It’s worth noting that commonly used diagnostic tests like coronary angiography rely on a procedure called cardiac catheterization. In this blog, we’ll discuss the procedures in greater detail to help you understand the benefits and risks.
Cardiac catheterization is a procedure in which doctors insert a thin, flexible tube called a catheter into your heart through an artery.
What Is Cardiac Catheterization?
Cardiac catheterization is a procedure that uses a thin tube (called a catheter) to examine the heart and blood vessels. The catheter is inserted into a blood vessel in the groin or arm. Thereafter, it’s advanced through the blood vessels and into the heart to measure pressures within different chambers of your heart.
The test lets doctors see if there’s any blockage in the blood vessels that supply blood to your heart. Also, they can assess whether the cardiac muscles and valves are in proper working condition. Also, it may be used to insert wires (called stents) in coronary arteries if they become narrow due to plaque buildup or after an injury.
To perform balloon angioplasty, the doctor inflates a tiny balloon at one end of the catheter inside one of the blocked coronary arteries. It creates more space for oxygen-rich blood flow through your coronary arteries and helps improve symptoms like chest pain caused by a heart attack.
How Does Cardiac Catheterization Work?
In this procedure, a doctor inserts the catheter into a blood vessel in your arm or groin. The catheter is guided through the blood vessels to the heart, where it’s used to look for blockages or other problems in the coronary arteries that supply oxygen-rich blood to your heart muscle.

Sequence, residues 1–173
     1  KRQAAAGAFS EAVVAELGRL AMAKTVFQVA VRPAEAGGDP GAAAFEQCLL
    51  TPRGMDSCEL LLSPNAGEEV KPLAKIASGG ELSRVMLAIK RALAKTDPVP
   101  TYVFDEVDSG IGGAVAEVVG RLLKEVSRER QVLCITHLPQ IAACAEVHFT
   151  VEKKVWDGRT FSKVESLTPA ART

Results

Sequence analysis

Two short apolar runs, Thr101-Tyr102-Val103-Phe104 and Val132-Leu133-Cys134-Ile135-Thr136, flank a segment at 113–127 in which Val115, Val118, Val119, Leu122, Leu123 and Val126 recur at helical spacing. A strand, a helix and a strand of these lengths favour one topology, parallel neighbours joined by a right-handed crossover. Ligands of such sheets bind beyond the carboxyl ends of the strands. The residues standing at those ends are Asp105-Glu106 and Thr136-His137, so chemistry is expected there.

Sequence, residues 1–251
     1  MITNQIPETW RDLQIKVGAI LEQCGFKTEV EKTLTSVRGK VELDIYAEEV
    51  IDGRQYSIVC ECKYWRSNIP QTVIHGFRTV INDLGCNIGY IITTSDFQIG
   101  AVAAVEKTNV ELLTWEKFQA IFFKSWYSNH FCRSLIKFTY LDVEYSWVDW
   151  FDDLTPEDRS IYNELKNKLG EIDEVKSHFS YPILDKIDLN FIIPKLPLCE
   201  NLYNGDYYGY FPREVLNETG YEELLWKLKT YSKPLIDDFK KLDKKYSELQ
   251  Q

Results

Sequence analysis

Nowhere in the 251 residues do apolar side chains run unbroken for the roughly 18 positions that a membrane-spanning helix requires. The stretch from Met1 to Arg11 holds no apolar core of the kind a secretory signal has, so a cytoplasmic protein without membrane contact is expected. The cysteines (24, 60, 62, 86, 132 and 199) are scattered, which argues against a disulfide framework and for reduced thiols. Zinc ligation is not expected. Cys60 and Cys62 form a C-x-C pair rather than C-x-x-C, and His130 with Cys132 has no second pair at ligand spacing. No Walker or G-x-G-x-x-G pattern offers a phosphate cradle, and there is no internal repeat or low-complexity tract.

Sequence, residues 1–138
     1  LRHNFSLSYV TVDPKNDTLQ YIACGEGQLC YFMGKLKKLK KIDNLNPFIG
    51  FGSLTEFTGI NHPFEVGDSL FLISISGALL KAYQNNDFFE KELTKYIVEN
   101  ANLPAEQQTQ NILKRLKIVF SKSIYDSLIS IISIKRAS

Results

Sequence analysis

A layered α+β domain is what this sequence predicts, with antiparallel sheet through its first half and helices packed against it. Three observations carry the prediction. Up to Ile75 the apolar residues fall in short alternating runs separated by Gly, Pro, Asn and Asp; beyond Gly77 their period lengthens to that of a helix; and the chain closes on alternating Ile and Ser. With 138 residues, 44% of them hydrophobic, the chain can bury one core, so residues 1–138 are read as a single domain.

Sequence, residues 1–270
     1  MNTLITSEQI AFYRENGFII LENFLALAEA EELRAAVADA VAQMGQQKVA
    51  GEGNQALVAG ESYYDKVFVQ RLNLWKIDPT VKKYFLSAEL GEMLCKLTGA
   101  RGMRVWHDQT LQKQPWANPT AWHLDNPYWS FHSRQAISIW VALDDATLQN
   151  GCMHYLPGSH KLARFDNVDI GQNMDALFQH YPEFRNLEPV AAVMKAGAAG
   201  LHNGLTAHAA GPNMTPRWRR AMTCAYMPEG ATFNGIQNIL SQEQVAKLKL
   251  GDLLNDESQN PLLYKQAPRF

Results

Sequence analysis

Afterward, a dye is injected into your bloodstream from an intravenous (IV) line connected to your vein. It helps doctors see how well blood flows through different parts of your heart on X-rays taken during the procedure.
Why Do Doctors Use Cardiac Catheterization?
Cardiac catheterization can be used to diagnose or treat various heart ailments. It can help your doctor determine if your heart is getting enough blood and if there are any blockages in the arteries that supply blood to the rest of your body. Also, it can help identify any problems with the heart muscles and valves.
What Are the Risks of Cardiac Catheterization?
While the risk of complications from cardiac catheterization is low, there are some things you should know before your procedure. For example, you might also experience bleeding or bruising around where the cut was made.
The most severe risk is having a stroke due to excess pressure in the brain caused by increased blood flow due to plaque shaving off from arteries. Other risks include allergic reactions to dyes, bleeding at the puncture site where the catheter was inserted, and infection.
Cardiac catheterization is a standard procedure that can be done in a cath lab or hospital. It allows doctors to check for problems with your heart and blood vessels. Ask your doctor any questions about how long it will take and whether there are any risks associated with cardiac catheterization before scheduling an appointment for this test.
Dr. C Raghu is an accomplished cardiologist with decades of experience in interventional cardiology. If you or anyone you know is experiencing symptoms of cardiac ailments, book an appointment with Dr. Raghu today.